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Saturday, December 25, 2010

December 16, 2010: Xmas pudding bites

For the month of December, Robyn picked a very seasonal recipe to display in the calendar.  (She also mailed me another totally original home-made calendar full of fab recipes for 2011 - yippee!)  Fruit puddings have never had much of a role in my family's Christmas traditions and their heaviness doesn't appeal to me in our summer setting.  But this is a recipe for bite-sized balls of choc-topped pudding and I could buy into that.  (It turns out that such mini puddings are a Christmas tradition of their own in some families.)

This kind of presentation - the ball rolling, the suspended-mid-drip white chocolate 'custard', and the holly-coloured sprinkles - is fancier that what I usually go in for, but it's really not too difficult.  What I mean is, it's not piping.  (Oh, lord, how I hate piping.)  It just calls for a knife, a teaspoon, and a wee bit of patience.  And you get a whole lot of cute for your efforts.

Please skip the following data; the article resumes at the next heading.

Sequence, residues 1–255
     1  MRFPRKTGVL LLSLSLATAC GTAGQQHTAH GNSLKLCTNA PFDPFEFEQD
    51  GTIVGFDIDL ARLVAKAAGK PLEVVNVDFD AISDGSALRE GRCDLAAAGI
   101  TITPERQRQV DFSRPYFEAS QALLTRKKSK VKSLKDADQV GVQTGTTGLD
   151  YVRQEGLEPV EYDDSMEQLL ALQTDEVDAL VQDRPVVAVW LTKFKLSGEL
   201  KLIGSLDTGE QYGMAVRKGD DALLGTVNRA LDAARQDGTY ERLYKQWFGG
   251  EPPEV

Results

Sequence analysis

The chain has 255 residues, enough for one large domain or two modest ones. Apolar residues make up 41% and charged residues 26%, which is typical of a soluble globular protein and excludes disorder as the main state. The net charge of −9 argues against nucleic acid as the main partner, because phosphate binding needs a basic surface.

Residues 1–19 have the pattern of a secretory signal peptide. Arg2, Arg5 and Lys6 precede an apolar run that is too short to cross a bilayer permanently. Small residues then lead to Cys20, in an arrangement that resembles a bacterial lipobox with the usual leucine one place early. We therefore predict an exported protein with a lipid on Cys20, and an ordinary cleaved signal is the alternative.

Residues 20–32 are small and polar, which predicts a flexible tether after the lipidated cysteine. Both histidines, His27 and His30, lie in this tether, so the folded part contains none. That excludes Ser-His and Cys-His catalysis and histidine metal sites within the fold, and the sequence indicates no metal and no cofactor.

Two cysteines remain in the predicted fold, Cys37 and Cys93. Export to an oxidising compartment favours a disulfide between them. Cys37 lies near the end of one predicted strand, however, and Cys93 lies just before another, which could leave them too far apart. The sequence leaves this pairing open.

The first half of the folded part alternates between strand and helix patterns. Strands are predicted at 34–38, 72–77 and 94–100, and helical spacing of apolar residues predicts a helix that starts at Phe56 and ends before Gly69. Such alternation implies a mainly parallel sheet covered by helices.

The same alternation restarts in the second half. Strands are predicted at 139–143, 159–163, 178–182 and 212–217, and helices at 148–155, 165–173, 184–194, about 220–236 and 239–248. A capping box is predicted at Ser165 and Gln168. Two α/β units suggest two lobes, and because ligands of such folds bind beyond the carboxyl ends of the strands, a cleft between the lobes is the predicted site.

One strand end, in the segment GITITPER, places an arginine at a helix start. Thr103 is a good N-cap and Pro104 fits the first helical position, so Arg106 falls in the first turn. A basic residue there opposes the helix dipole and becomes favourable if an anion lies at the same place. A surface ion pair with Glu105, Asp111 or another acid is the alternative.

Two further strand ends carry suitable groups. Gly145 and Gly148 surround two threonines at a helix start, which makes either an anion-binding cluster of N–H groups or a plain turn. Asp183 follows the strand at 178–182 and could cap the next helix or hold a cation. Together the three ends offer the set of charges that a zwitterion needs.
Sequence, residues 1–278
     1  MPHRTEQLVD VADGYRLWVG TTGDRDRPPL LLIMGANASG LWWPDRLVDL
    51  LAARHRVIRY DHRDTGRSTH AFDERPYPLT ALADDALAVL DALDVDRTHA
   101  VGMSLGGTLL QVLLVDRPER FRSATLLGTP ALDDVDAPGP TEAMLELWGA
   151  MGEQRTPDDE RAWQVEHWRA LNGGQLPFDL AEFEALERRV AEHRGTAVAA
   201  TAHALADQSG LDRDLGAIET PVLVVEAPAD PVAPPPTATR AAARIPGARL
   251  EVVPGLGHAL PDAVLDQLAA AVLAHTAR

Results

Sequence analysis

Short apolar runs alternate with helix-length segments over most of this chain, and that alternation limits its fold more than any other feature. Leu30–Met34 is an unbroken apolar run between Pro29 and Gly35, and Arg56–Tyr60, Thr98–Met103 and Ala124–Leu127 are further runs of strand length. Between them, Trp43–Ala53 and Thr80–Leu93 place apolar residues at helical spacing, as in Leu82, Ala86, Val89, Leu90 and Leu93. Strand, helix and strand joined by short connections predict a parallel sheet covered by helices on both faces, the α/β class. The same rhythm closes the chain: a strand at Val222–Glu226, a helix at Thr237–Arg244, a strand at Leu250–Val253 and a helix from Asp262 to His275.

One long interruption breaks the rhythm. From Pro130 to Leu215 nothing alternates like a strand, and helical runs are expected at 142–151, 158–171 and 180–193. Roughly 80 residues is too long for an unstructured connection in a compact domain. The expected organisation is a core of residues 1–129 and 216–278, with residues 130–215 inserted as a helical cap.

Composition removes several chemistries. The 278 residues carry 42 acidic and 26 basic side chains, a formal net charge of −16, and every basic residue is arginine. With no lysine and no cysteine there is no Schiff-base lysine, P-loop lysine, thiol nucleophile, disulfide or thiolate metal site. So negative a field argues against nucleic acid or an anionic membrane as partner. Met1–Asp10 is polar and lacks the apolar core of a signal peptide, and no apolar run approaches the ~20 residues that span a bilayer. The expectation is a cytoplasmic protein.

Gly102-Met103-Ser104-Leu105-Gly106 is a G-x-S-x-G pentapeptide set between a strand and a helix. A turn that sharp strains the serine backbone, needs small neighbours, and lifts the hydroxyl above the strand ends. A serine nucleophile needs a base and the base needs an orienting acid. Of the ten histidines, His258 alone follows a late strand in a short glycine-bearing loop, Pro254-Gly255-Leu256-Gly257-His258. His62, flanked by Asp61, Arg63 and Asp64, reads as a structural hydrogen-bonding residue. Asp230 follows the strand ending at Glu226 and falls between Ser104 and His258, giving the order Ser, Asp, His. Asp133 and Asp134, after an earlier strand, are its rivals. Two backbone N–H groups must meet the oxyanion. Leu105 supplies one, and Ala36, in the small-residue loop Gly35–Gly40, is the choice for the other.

I made my first batch keeping almost true to the original recipe (making a couple of minor convenience substitutions) and shared them with my colleagues at our work Christmas party (they're pictured up top).  Then I made some more substantive changes and contributed a second vegan and gluten-free batch to Lisa's Xmas potluck (pictured just above).  Here I replaced the crumbled sponge cake with the only vegan and gluten-free biscuits I could access, Leda Gingernuts, used Bonvita rice milk white chocolate on the advice of my vegan Facebook brains trust, and scrounged some leftover red jellies from my icecream party in lieu of the long-gone glace cherries for the garnish.

I reckon my vegan, gluten-free mini-puddings looked just as great, if not better than, my first more traditional run.  They tasted pretty good too, though the crumbled biscuits had them a little sandier and more sugary than the originals.  If you can find a light cake that fits your dietary constraints, I'd definitely recommend it over the biscuits.